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FUNCTIONS OF SAFETY SHOES Foot injuries can be debilitating, resulting in time away from work or difficulty performing a job. Wearing safety shoes or boots can help prevent many foot injuries in the following ways. 1. PROTECT FROM FALLING & FLYING OBJECTS When workers carry heavy materials or work in dynamic environments where many people, machines and vehicles are operating at once, falling and flying objects are common hazards. Protective shoes like steel toe boots can effectively prevent crushing injuries to the feet. 2. PROTECT FROM PUNCTURES When workers could step on sharp objects or be struck by sharp objects from above, shoes with heavy-duty soles and thick materials surrounding the foot offer the best protection. At construction worksites, for example, many sharp objects could be in someone’s path. A soft-soled shoe might not provide enough protection. 3. PROTECT FROM CUTTING HAZARDS Machinery that is sharp or contains moving parts can pose cutting hazards. Workers in the logging industry, for example, face dangers from chainsaws. If a chainsaw were to come in contact with someone’s foot, the result could be catastrophic. Logging boots—which are required by OSHA under standard 29 CFR 1910.266(d)(1)(v)—made with cut-resistant material will protect those workers who use chainsaws. These boots are also waterproof or water repellant and support the ankles. 4. PROTECT FROM ELECTRICAL HAZARDS Electricity poses a variety of risks in the workplace. Workers could face potential electric shocks or accumulate static electricity, which can lead to electric sparks in certain environments. To reduce the chances of an electrical accident, non-conductive footwear made from leather, rubber or other materials that don’t conduct electricity can be worn. In locations where the build-up of static on the body poses a hazard, anti-static or conductive footwear can be used. These options reduce the amount of static that accumulates on the body, preventing static electric sparks. 5. PREVENT SLIPS, TRIPS & FALLS Safety Shoes, Footwear, Foot Protection Slips, trips and falls can happen in any workplace and result in many accidents annually. Businesses can take steps such as implementing housekeeping measures and installing anti-slip floor tape to reduce the risks of these mishaps. Proper footwear can also provide additional protection against slips, trips and falls. Shoes with appropriate traction can help prevent falls on the same level in slippery environments. They can also prevent falls from ladders, which are all too common when people don’t wear shoes with proper treads. Footwear that fits well and feels comfortable can also improve balance, which will help prevent slips, trips and falls, too. 6. PREVENT FATIGUE For workers who stand all day, especially on hard surfaces like concrete, fatigue can be a real problem. Muscles in the feet as well as the legs, back and other parts of the body grow tired, and the situation can be worsened when employees don’t wear appropriate footwear. Shoes that provide adequate cushioning and arch support can make people more comfortable, which alleviates strain on muscles. This means employees will grow fatigued less quickly. Employees who are less fatigued will be more alert, so they will likely do their jobs more safely and more efficiently. Preventing muscle strain will also help protect against musculoskeletal disorders such as chronic lower back pain, too. 7. PREVENT BURNS Burns from fire can happen in the workplace, but so can burns from chemicals and even from common workplace materials like cement. Footwear made from durable materials can prevent burns from chemicals splashes, molten metal splashes and other dangerous substances that could injure the skin on the feet. 8. PROTECT FROM EXTREME WEATHER We all know that cold weather can lead to injuries such as frost bite and hypothermia, and those dangers shouldn’t be overlooked in the workplace. People who work outside in the winter are at risk, as well as employees who work in wet or refrigerated environments. Furthermore, the cold can exacerbate some less known workplace injuries. For example, Raynaud’s Syndrome is a disease where the fingers can turn white from poor blood flow. This condition, related to vibration from power tool use, is made worse when employees are exposed to cold temperatures. In some cases, this disorder can impact the feet, too, so keeping the feet warm and comfortable in conjunction with other measures for keeping the body warm is important. Not all footwear is waterproof or insulated to provide protection against the cold, rain and snow, so be sure to select shoe options that are made from appropriate materials. DON’T FORGET THE OSHA REGULATIONS Safety Label, PPEAs you can see, footwear for the workplace offers many kinds of protection for workers. For those reasons alone, it’s worth making a foot protection program part of your workplace. You should also remember that in many work situations protective footwear is required. OSHA standard 29 CFR 1910.136(a) states: The employer shall ensure that each affected employee uses protective footwear when working in areas where there is a danger of foot injuries due to falling or rolling objects, or objects piercing the sole, or when the use of protective footwear will protect the affected employee from an electrical hazard, such as a static-discharge or electric-shock hazard, that remains after the employer takes other necessary protective measures. Make sure your business follows the requirements and selects the appropriate safety shoes. Doing so will improve safety and comfort, which will make your employees happy, too. To learn more about selecting work boots for industrial workplaces and what options are available, read Work Boots 101. You can also see a review for work boots at Safety Blog News. Buy safety shoes From Source India shoes Noida.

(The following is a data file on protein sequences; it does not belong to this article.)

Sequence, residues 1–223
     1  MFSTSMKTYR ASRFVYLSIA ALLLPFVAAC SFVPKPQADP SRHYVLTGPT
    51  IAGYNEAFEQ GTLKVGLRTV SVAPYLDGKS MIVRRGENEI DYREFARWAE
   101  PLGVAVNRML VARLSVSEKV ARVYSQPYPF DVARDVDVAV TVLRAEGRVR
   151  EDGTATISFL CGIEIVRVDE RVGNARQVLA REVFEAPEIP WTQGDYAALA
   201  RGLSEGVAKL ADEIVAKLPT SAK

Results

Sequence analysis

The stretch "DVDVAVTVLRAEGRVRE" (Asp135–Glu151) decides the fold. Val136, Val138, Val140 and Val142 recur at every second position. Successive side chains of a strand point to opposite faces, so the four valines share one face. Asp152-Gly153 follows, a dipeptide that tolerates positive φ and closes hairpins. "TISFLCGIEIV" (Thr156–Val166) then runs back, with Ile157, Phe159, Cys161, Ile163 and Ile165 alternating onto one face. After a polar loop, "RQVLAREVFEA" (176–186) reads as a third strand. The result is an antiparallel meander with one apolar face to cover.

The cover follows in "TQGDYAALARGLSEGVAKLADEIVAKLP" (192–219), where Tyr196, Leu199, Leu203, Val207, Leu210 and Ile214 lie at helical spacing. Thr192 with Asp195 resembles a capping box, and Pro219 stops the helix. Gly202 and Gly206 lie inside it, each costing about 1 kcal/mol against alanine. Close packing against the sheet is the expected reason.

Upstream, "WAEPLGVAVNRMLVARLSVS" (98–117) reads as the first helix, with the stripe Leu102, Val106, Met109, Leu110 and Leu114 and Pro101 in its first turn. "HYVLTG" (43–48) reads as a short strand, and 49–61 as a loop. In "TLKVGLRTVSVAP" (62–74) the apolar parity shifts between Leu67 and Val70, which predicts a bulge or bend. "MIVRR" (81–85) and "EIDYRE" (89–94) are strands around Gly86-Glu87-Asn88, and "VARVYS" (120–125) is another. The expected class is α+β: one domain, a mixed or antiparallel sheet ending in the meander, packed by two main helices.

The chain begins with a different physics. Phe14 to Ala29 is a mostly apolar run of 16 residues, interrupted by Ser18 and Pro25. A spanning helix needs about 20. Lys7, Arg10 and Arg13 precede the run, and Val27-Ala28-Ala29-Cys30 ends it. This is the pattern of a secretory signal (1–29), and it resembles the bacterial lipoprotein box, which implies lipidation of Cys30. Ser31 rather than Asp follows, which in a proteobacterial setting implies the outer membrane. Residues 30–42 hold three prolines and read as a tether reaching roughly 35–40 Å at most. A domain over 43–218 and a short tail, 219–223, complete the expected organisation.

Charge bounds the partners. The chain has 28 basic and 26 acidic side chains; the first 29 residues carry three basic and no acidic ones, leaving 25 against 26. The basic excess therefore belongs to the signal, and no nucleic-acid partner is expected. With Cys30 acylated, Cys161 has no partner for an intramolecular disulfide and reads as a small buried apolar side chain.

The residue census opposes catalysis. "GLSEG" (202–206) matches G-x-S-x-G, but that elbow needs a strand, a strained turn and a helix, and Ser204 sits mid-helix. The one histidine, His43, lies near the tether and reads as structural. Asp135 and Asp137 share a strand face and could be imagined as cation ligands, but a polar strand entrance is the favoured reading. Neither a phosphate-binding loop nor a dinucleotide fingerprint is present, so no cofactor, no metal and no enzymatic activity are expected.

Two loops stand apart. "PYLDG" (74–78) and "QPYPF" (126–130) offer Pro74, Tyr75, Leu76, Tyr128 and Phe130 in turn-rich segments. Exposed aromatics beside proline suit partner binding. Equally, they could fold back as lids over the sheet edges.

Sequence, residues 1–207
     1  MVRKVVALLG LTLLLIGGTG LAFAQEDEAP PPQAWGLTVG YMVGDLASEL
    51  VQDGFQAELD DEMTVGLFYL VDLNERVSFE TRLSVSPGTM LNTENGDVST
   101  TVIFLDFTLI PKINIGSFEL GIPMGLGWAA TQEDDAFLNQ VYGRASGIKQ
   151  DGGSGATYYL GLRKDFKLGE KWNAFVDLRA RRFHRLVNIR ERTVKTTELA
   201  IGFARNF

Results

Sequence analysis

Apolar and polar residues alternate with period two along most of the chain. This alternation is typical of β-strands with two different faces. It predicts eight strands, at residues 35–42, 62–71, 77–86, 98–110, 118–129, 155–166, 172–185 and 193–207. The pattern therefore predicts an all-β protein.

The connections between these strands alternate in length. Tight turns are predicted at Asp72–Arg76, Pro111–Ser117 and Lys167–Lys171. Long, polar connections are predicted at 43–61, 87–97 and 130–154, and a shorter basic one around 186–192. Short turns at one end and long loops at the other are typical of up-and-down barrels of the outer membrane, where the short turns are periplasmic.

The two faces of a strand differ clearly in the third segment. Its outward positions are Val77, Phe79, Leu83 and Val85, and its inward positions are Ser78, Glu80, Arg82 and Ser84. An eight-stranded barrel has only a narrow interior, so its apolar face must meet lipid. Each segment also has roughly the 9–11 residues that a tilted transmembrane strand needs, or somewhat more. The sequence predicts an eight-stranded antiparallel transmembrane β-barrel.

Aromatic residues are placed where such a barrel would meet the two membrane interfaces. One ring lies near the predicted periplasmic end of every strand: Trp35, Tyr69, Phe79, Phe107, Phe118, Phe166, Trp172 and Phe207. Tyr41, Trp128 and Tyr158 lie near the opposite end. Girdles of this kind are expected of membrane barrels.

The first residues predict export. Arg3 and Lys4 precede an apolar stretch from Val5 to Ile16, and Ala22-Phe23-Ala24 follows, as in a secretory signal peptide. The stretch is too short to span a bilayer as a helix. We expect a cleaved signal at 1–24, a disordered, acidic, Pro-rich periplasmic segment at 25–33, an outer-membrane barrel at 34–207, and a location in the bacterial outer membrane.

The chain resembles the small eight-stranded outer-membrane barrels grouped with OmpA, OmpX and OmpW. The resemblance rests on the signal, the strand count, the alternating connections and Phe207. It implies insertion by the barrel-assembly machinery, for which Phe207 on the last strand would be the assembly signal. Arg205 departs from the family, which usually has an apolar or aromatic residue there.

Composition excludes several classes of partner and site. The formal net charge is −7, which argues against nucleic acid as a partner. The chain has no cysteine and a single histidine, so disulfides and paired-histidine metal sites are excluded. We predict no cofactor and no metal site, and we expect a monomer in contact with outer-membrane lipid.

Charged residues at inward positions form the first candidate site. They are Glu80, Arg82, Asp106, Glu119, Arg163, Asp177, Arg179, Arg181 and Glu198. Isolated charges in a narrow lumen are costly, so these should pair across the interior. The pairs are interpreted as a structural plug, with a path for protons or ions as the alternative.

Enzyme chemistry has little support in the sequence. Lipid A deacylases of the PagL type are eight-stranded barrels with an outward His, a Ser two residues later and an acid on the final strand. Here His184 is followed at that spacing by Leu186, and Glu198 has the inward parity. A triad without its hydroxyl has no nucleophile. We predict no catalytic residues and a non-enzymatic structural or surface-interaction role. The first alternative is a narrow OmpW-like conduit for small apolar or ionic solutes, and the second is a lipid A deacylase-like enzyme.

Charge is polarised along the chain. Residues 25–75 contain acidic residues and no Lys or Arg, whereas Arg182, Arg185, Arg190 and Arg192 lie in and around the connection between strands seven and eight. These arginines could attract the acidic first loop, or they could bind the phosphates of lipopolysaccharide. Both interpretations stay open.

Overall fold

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Safety footwear is designed to protect the user from potential work hazards. There are different components that made up safety footwear. These components include safety toe guards, metatarsal guards, electrical hazard ratings, electro static dissipating ratings and the soles of the shoes. The mission of the Occupational Safety and Health Administration (OHSA) is to save lives, prevent injuries and protect the health of America’s workers. OSHA believes that the employer shall ensure that each affected employee wears protective footwear when working in areas where there is a danger of foot injuries due to falling or rolling objects or objects piercing the sole. Such equipment shall comply with American National Standards Institute (ANSI), ANSI Z-41-1991, “American National Standard for Personal Protection-Protective Footwear” [62 FR 40141, July 15, 1997]. To accomplish this, federal and state governments must work in partnership with the more than 100 million working men and women and their six and a half million employers who are covered by the Occupational Safety and Health Act of 1970. Safety toe guards originated in safety boots in 1925 with the intention to ultimately reduce the danger of foot injuries. Since then, the American National Standards Institute has set standards for protective footwear. There are two basic requirements all safety footwear must include: impact and compression. According to the test results there are three classifications of each. IMPACT: I/75, I/50, and I/30 are designations for test results done with a 50-pound weight dropped from a set height. COMPRESSION: C/75, C/50, and C/30 are designations of test done compressing the safety toes at 2, 500 pounds (for C/75), 1, 750 pounds (C/50), and 1, 000 pounds (C/30). The toe must have a minimum clearance inside the toe area of the shoe of 16/32” for men’s footwear and 15/32” for women’s footwear after the tests are completed. There are many types of safety toes, such as steel toe, composite toe, alloy toe and Timberland's own Titan toe (made from titanium). While all allow for great protection, both steel toe and composite toe safety footwear are Working Person's Store's most popular routes of protection. The following chart shows the ANSI standards: Classification Compression Clearance Classification Impact Ft. Lbs. Clearance 75 75 1/2" 75 2, 500 1/2" 50 50 1/2" 50 1, 500 1/2" 30 30 1/2" 30 1, 000 1/2" Metatarsal guards protect the upper foot and toe area from potential “drop” hazards. The metatarsal guards can be attached to safety shoes both internally and externally. Each foot contains 26 bones. Most of those bones are found on the upper foot and are called the metatarsal bones, from which the name of this protective device originates. Keeping each and every bone protected is very important so one can work freely without pain or injury. Electrical Hazard (EH) rated footwear is designated to protect the wearer against open circuits up to 600 volts. EH footwear* is great for employees working around a plant or factory, such as plant operation personal, are usually most susceptible to EH conditions. EH safety footwear construction consists of a heel and sole combination usually molded into one single piece to the upper boot without any nails or metal. EH ratings are Tested by an independent lab to be able to withstand applications of 14, 000 volts (V) at 60 Hertz (Hz) for one minute, with leakage in excess of 3.0 milliamperes (mA). EH ratings can also protect the wearer against open circuits up to 600 V or less under dry conditions. WARNING: EH non-conductive footwear is not to be worn near explosives or in other environments requiring conductive footwear. Electro Static Discharge (ESD) is the shock that is felt when a person walks across a carpet and touches a door knob and a discharge of electricity occurs between that person and the door. That shock was actually a discharge of electricity in the range of 2, 000 to 3, 000 volts. The shock voltage has to be at least 2, 000 volts before the human body can feel it. The reason the 2, 000 volt ESD discharge does not kill someone is that the current is very low, but that same voltage can kill electronic components or possibly ignite volatile chemicals or explosives. To be marked as Electric Static Dissipating Footwear, a shoe must pass testing requirements established by ANSI. ESD footwear* can be classified as SD Type I or SD Type II. Footwear with this designation prevents the build-up of static electricity. This is done through the construction of the footwear with a special silver thread used to stitch the soles to the uppers or with carbon inserts in the sole or footbed. Static Dissipating (SD) Type I must offer electrical resistance between 1 mega ohm to 100 mega ohms DEFINITION: ohm = unit of electrical resistance, defined as the resistance in a circuit in which a potential difference of one volt creates a current of one ampere; hence, 1 ohm equals 1 volt/ampere. The megaohm (1, 000, 000 ohms) and milliohm (.001 ohm) are units derived from the ohm. Sole safety is measured in three ways; slip-resistance, wear and comfort. Slip resistance ratings for footwear are determined by independent laboratories. To determine slip-resistance*, the soles are tested under dry, wet, oily, and oily/wet conditions according to a uniform testing method (ASTM F 489 ASTM F1667) using American Olean red quarry tile for the test surface. The different methods of testing include: 0.05 grams (2 drops) of vegetable oil is used for oily testing, 25/millaliters of distilled water is added for wet testing, 0.2 grams (7 drops) of vegetable oil is used for oily testing and 25/millaliters of distilled water is added for oily/wet testing. The wear of the safety shoes includes many different types of material used in the construction of a shoe sole, each offers a different benefit. The durability of a shoe sole is at the mercy of the use and the work environment. Always try to match the shoe to the type of work and the working conditions. Most of the safety boots sold today have passed slip-resistance and wear tests. The comfort level of safety shoes includes different composites used to construct a shoe sole which all offer different comfort levels. Everyone has a different perception of comfort* and each foot has its own special requirements. Only the person wearing the shoe can determine the comfort level. The previous information about safety toe guards, metatarsal guards, electrical hazard ratings, electro static dissipating ratings and the soles of the shoes is meant to inform and help protect workers. When workers know what kind of foot protection they need and why they need it, the overall work environment will be much safer for everyone. It is not the sole responsibility for the employee to find this information. Make sure your employers are keeping you informed on up-to-date information so you can have optimal foot protection when times call for such. *Working with Working Person's Store's "Boot Finder" is very easy to do. Just click the features you want, such as EH, ESD, slip-resistance or comfort guarantee, and we will find boots which meet your needs. There are many other choices so you can find exactly what you are looking for.
safety shoes online in low price
safety shoes online in low price